This is the wall that I wrestled with when someone told me “Just get out of bed and go outside, that’ll help,” or “You just need to be around people more.” When I heard people tell me these things, I wanted to do them. Dear God, I wanted to. I wanted to go out with my friends on Friday; I wanted to join a club on campus; I wanted to meet new people. But I couldn’t. No matter how bad I wanted to, I was stuck. I would make up excuses, and then get mad at myself for not going. Upset with myself, I went out and ate away the pain. It was an endless cycle that I didn’t know I was being sucked into. I spent days worrying about my appearance and nights worrying about my friends noticing all the Carl’s Jr.’s bags I would come home with. This shadow of doubt casted over me everywhere I went.
While I don’t feel like I have completely broken out of this tomb, I’m slowly chipping away at the bricks that have held me down the last few years. I still stay in most Fridays but I’m not eating my feelings away through a Double Western Bacon Cheeseburger and a Cherry Coke. I’ll take whatever little victories I can get. Looking back, my biggest takeaway wasn’t that I didn’t want to change, it was that I couldn’t.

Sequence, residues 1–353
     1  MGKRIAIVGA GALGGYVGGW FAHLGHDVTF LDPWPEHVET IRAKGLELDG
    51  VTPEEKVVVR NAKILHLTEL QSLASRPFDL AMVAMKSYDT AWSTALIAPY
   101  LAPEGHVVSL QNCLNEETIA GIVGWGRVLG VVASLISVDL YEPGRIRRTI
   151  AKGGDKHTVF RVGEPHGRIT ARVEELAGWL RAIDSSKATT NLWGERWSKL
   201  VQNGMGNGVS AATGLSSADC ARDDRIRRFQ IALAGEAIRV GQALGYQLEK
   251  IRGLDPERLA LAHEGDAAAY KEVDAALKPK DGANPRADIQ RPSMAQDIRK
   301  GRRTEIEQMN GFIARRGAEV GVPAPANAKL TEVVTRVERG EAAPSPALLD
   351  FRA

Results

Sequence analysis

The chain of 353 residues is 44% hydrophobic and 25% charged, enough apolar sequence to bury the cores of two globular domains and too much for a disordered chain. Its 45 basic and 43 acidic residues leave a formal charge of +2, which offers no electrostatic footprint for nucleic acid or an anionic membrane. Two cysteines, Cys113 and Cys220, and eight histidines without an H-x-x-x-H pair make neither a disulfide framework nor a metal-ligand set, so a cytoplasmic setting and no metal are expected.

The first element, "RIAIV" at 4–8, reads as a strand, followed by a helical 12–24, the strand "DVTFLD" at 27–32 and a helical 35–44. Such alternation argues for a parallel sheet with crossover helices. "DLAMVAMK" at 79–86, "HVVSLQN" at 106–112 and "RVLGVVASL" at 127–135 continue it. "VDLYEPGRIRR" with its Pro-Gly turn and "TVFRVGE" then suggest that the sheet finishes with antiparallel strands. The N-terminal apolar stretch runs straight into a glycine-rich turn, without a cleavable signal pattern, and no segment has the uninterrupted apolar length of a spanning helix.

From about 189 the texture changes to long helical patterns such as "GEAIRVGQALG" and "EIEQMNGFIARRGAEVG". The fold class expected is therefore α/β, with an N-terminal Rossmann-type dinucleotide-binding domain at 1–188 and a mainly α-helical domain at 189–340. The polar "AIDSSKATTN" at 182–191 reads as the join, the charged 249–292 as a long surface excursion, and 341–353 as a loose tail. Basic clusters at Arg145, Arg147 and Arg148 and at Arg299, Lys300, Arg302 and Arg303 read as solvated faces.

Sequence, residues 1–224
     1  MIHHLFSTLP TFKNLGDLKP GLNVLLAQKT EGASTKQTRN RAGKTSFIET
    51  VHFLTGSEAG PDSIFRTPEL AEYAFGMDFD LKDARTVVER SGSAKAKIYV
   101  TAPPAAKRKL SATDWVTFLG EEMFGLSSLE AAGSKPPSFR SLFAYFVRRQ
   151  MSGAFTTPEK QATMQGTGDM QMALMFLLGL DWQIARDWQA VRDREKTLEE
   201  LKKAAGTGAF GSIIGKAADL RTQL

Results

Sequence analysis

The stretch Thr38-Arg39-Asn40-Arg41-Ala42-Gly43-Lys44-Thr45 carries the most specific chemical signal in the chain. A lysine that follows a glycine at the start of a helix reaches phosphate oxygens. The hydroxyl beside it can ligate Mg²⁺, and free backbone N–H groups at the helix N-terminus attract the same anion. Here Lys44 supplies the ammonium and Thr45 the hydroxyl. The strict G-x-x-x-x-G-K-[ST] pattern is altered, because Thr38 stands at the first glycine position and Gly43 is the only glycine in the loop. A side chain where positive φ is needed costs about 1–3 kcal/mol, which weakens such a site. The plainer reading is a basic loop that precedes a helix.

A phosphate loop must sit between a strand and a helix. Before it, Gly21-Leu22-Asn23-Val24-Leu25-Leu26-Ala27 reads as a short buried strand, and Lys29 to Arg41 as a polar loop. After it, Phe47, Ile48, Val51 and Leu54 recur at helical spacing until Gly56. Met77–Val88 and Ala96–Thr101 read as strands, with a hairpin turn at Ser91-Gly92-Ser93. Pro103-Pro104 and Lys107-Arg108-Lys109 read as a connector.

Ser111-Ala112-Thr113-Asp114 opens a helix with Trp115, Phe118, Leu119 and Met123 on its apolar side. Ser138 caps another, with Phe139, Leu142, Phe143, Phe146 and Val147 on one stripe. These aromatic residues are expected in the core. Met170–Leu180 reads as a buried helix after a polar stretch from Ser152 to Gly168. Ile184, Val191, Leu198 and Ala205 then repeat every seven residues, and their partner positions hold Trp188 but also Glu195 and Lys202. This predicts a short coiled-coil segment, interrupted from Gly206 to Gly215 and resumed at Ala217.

To revisit my opening paragraph, when I wasn’t self-absorbed in my crippling doubts, I found myself constantly irritated. Most times it was for no reason at all. My parents would come home and simply ask how my day was and my mind immediately went to a place where I felt that my parents were hounding me about my life and that they were suffocating me with questions. I played the victim, and felt that the whole world was against me.
Before my behavior started changing, I considered myself a very happy-go lucky sort of person. I was very care-free (in a good way), almost too much so. Rarely did I ever get upset or angry. I was so caught up in all my anger that I couldn’t even remember what that person was like. The scary part about my depression is that I just accepted this as the new norm for me. The memories of myself having patience and wanting to go out of my way to help others were almost erased. There was never a day where everything just clicked, and suddenly my personality did complete 180; it was over time like vines growing over an old gravestone. Day by day, this was becoming my new reality and before I could stop it, it was too late.